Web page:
Key Points from the Flash Call
What Is Needed to Stay Open or Reopen
Retailers must ensure that customers feel confident in their spaces. Restaurants that shifted to drive-thru, delivery, curbside and/or pickup only models in the early stages of the outbreak are now expanding their service offerings, including reopening dining rooms. For more information on restaurant reopening, click here.
Stores have implemented measures including limiting the number of customers in a store at one time, reducing operating hours to allow adequate time for cleaning/sanitization, adding signage to guide customer flows through the store and installing plexiglass dividers in certain areas. It’s important to set new standards with staff for delivering good customer service, even from six feet away.
Most retailers are expanding their technological capabilities, including building or enhancing their brand apps, embracing touchless technologies and piloting QR codes for menus or ordering. Those retailers who made substantial in-store investment in pickup lockers are taking a wait-and-see approach to determine if consumer confidence returns to the point where shoppers will be comfortable picking up merchandise from a store locker.
Health and Safety Regulations, Evolving Customer Habits and How They Impact the Store
Retailers have been working to stay one step ahead as consumer habits evolve and to predict which behavior changes are here to stay. Landlords are analyzing the customer experience as well, looking for opportunities to support retailers and thinking of programs they can implement in their centers.
Retailers also must evaluate whether consumer behavior is evolving from “shopping” to “buying” and determine the comfort level for aisle shopping and impulse buys, all while maintaining their commitment to customer service.
In the near term, new health and safety measures include queuing inside and outside the store to maintain customer limits and adding social distancing markers. Food and beverage retailers in particular report much more emphasis on grab-and-go, less emphasis on chef-driven casual dining concepts, and greater communication with customers and employees on safety and hygiene measures.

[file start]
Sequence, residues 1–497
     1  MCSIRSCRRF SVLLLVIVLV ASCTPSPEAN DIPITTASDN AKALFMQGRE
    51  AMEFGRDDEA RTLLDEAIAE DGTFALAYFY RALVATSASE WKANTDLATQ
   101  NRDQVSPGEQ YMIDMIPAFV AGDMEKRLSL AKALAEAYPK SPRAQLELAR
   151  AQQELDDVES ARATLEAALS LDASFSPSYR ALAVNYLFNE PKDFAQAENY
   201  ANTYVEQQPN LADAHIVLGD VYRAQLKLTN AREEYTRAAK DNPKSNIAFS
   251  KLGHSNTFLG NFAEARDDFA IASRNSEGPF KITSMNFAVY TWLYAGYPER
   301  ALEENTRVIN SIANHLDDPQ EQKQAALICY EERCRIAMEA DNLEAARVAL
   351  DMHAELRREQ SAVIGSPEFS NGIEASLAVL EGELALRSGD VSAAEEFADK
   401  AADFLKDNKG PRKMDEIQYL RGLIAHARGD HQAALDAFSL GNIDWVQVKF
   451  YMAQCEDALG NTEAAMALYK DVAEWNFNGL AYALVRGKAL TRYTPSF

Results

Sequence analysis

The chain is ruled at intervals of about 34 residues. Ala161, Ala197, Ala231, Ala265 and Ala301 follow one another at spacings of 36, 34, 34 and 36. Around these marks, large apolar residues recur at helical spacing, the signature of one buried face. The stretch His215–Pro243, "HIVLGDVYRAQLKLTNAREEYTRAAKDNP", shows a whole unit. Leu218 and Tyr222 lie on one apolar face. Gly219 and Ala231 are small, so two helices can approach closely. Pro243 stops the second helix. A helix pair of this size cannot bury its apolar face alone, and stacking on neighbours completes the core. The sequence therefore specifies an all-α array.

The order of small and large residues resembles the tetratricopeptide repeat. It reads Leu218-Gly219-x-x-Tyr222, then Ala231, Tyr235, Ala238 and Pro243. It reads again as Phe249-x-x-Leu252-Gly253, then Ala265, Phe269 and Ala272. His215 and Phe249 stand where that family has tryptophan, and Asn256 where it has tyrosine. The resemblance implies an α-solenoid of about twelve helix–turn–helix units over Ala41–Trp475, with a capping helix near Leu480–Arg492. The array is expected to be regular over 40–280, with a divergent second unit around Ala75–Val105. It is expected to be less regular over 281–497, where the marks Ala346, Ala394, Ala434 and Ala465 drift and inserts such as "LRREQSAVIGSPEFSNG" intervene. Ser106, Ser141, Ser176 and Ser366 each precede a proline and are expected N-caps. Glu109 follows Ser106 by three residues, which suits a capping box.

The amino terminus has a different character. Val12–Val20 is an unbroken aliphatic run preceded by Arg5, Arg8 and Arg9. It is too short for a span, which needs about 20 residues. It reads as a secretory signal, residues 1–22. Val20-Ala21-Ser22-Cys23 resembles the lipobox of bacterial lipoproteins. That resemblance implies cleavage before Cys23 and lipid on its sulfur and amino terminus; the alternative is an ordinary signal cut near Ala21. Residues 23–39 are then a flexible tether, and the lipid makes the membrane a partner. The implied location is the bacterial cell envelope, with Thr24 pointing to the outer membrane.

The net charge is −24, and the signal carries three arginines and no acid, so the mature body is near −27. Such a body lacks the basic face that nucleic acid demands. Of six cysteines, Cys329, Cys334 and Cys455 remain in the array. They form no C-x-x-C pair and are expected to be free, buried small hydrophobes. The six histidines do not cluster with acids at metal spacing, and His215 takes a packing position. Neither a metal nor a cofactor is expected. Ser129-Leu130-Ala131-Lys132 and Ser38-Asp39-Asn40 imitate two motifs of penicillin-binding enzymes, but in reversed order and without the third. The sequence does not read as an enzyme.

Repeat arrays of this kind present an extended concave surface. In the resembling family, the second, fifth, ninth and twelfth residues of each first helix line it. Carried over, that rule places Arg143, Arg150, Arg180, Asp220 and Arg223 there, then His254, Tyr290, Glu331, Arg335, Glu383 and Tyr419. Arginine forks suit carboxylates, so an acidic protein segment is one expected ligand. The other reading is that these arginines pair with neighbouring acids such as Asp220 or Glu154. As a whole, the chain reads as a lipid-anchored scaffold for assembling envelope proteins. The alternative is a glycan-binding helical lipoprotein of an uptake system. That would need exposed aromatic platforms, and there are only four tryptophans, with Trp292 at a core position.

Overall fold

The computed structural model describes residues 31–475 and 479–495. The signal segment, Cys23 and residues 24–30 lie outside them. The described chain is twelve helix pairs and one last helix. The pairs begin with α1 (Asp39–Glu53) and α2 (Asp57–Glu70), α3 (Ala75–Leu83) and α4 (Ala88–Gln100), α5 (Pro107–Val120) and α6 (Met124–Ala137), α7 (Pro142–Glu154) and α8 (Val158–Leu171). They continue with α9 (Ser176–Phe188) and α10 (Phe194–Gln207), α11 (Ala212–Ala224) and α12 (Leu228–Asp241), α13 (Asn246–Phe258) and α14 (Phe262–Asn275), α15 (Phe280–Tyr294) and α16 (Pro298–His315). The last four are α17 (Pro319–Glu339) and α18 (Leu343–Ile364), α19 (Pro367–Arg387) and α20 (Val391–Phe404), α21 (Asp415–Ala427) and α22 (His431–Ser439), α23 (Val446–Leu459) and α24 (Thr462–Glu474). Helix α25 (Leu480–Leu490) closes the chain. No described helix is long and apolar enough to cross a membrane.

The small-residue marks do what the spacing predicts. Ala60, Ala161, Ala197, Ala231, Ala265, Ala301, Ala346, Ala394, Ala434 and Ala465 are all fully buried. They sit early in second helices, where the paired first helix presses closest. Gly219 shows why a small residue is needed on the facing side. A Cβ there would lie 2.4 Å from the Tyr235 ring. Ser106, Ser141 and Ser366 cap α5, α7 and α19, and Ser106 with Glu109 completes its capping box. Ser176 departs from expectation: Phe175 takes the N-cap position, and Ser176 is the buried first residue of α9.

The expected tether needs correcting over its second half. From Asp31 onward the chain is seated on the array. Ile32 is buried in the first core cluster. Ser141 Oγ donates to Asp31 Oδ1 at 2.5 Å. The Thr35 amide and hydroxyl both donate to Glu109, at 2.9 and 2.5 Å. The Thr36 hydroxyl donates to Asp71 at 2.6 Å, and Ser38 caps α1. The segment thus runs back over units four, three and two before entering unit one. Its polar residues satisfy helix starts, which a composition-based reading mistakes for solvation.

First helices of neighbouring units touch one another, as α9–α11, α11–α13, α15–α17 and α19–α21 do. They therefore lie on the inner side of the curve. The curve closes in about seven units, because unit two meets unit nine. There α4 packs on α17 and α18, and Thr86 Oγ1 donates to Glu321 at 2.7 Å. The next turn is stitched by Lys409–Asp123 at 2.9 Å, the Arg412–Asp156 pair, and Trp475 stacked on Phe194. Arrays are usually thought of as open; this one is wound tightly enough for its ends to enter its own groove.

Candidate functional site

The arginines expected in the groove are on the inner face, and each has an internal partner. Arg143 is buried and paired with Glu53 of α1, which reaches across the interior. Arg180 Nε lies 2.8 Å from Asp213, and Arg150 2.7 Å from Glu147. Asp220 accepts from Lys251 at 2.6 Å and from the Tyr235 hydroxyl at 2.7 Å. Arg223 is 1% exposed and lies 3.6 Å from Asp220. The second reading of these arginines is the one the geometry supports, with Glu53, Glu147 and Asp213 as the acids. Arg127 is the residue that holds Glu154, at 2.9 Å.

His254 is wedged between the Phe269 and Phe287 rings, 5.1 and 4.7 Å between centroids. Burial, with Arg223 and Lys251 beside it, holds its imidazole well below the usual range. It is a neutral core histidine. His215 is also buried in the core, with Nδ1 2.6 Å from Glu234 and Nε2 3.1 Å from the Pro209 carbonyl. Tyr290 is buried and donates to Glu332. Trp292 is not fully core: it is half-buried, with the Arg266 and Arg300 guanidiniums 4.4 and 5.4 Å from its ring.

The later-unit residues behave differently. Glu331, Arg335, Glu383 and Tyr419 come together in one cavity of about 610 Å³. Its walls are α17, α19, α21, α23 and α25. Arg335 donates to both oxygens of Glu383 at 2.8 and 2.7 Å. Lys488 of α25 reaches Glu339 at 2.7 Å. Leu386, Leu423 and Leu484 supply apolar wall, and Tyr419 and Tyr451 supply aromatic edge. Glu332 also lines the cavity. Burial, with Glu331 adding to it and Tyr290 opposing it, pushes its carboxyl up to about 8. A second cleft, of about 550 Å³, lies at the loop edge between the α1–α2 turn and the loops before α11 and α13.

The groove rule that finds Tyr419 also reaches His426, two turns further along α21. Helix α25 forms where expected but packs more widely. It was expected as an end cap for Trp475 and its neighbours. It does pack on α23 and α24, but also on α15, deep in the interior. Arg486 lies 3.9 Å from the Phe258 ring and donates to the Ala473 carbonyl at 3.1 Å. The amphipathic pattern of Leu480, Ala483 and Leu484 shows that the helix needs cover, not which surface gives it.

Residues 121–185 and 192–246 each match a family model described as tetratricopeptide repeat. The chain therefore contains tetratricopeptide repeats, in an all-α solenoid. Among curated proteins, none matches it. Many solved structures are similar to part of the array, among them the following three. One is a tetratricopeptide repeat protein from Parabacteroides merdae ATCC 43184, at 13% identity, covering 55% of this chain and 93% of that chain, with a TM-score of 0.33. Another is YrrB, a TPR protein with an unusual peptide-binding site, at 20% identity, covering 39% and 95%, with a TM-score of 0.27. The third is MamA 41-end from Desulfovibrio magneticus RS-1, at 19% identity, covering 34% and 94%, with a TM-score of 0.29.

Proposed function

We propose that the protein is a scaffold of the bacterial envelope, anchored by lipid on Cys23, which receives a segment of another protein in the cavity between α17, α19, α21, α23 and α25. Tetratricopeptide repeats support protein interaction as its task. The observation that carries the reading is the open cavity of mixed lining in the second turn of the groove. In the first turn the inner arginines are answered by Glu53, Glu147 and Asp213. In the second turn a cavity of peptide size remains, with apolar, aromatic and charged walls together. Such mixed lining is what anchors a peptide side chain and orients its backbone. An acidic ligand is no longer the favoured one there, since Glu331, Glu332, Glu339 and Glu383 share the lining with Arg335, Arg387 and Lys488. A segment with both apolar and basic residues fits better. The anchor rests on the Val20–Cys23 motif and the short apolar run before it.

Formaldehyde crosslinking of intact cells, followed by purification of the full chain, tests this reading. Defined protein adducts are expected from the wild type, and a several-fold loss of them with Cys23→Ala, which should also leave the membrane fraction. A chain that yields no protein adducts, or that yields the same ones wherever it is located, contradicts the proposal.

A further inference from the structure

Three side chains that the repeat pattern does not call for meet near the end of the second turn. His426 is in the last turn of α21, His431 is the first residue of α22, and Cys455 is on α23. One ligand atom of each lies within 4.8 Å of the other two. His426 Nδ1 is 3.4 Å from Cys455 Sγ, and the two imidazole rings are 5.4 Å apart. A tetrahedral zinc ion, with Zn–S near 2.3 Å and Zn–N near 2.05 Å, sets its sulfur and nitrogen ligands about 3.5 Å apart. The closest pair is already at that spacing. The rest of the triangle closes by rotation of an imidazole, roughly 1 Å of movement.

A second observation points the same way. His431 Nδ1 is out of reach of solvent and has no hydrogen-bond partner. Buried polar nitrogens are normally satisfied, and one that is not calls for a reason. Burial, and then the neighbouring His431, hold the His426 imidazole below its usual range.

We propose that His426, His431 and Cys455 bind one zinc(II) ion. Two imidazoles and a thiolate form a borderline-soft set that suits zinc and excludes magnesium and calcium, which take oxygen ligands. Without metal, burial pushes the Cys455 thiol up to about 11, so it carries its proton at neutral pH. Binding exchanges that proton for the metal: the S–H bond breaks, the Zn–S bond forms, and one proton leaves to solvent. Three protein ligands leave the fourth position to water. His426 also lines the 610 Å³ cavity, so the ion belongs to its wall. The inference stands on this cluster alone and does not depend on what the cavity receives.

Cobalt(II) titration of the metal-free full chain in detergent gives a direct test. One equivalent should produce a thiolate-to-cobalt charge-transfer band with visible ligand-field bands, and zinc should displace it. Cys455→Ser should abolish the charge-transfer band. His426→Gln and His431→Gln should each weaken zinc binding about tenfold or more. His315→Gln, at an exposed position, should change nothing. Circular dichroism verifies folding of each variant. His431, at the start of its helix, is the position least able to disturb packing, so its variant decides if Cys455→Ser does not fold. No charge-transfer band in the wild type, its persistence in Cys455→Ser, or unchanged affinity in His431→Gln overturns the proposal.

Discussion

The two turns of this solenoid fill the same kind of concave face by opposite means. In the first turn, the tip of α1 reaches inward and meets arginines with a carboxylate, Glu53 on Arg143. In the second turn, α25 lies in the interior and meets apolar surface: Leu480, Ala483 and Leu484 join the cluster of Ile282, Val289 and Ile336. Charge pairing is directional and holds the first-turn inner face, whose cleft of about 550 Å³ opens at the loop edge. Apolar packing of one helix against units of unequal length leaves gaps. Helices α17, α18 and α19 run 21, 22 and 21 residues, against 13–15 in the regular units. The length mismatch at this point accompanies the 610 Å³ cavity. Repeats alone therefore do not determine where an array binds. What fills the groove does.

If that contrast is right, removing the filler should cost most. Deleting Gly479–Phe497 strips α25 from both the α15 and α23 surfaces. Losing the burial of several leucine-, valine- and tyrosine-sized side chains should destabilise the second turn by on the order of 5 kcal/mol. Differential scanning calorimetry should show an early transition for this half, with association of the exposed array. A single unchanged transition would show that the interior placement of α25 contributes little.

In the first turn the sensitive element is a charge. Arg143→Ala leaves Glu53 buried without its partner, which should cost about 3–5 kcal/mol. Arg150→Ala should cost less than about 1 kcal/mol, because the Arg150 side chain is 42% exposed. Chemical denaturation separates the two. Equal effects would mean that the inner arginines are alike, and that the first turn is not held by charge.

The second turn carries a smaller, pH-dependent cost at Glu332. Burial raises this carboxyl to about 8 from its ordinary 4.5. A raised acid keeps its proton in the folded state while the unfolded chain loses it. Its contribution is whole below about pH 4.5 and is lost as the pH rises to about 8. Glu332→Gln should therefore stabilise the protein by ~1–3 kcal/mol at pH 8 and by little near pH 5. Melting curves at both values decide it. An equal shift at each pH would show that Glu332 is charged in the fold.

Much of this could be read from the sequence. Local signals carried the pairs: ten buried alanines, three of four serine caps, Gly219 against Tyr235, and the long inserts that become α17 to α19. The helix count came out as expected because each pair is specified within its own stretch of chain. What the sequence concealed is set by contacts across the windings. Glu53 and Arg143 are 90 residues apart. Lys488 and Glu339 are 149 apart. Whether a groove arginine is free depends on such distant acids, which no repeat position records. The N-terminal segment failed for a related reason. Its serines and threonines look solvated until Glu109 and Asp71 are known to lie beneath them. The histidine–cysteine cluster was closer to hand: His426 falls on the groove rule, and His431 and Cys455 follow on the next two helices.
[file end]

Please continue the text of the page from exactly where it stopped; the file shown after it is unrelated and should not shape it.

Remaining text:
Long-term changes to the store are more difficult to quantify in the current environment of curbside pickup, given challenges including storage and staging space, increased labor requirements and maintaining customer and associate safety throughout transaction fulfillment. Many retailers have also invested in creating an omnichannel experience; how those experiences will look in the long term remains to be seen.
Changes We Expect to Bridge the Gap Versus Those We Expect to Take Hold
In terms of the built environment, certain elements like plexiglass shields are not likely to be permanent. While some retailers have paused on opening new stores, others continue to sign leases. Many of those retailers are looking for ways to support curbside pickup in those new stores, which would represent a more permanent change. Ownership portfolios will likely contain an expanded toolkit of store options to diversify customer experience.
Technology represents another permanent innovation, as many retailers have ramped up development on apps, electronic rewards programs, QR code piloting and touchless technology on everything from entrances to order fulfilment. An increased emphasis on health and wellness is likely here to stay as well.
Overall, retail is seeing is an acceleration of change that was already happening in the market. Savvy retailers have expanded use of convenience formats to enable customers to choose how they want to engage.
Panelists identified several keys for retailers who may be preparing to reopen:
- Instilling a culture of safety first and foremost in all decision making
- Listening to employees and customers and being willing to adapt based on what you learn
- Empowering managers to have localized solutions—no one-size-fits-all approach
COVID-19 isn't impacting individual stores and markets in the same way, and retailers need solutions that can adjust to the specific needs of the neighborhood and the community.
Flash Call Recording
Reconfiguring the Retail Environment for Today & Tomorrow
May 15 at 9 am PT | 11 am CT | 12 pm ET